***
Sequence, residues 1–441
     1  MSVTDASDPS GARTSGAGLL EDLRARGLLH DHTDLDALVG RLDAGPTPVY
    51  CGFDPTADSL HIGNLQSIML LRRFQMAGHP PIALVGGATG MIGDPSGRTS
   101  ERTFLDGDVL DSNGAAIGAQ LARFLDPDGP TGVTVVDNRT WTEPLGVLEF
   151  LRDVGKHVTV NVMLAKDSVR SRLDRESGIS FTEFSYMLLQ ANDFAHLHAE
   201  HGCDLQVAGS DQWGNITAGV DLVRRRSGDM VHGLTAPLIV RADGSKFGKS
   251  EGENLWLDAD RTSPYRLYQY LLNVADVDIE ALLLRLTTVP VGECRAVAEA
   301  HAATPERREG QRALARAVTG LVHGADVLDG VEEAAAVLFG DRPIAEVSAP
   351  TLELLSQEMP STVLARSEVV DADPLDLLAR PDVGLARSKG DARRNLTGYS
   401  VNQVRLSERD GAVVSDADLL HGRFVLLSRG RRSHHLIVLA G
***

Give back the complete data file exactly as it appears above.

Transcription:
Sequence, residues 1–441
     1  MSVTDASDPS GARTSGAGLL EDLRARGLLH DHTDLDALVG RLDAGPTPVY
    51  CGFDPTADSL HIGNLQSIML LRRFQMAGHP PIALVGGATG MIGDPSGRTS
   101  ERTFLDGDVL DSNGAAIGAQ LARFLDPDGP TGVTVVDNRT WTEPLGVLEF
   151  LRDVGKHVTV NVMLAKDSVR SRLDRESGIS FTEFSYMLLQ ANDFAHLHAE
   201  HGCDLQVAGS DQWGNITAGV DLVRRRSGDM VHGLTAPLIV RADGSKFGKS
   251  EGENLWLDAD RTSPYRLYQY LLNVADVDIE ALLLRLTTVP VGECRAVAEA
   301  HAATPERREG QRALARAVTG LVHGADVLDG VEEAAAVLFG DRPIAEVSAP
   351  TLELLSQEMP STVLARSEVV DADPLDLLAR PDVGLARSKG DARRNLTGYS
   401  VNQVRLSERD GAVVSDADLL HGRFVLLSRG RRSHHLIVLA G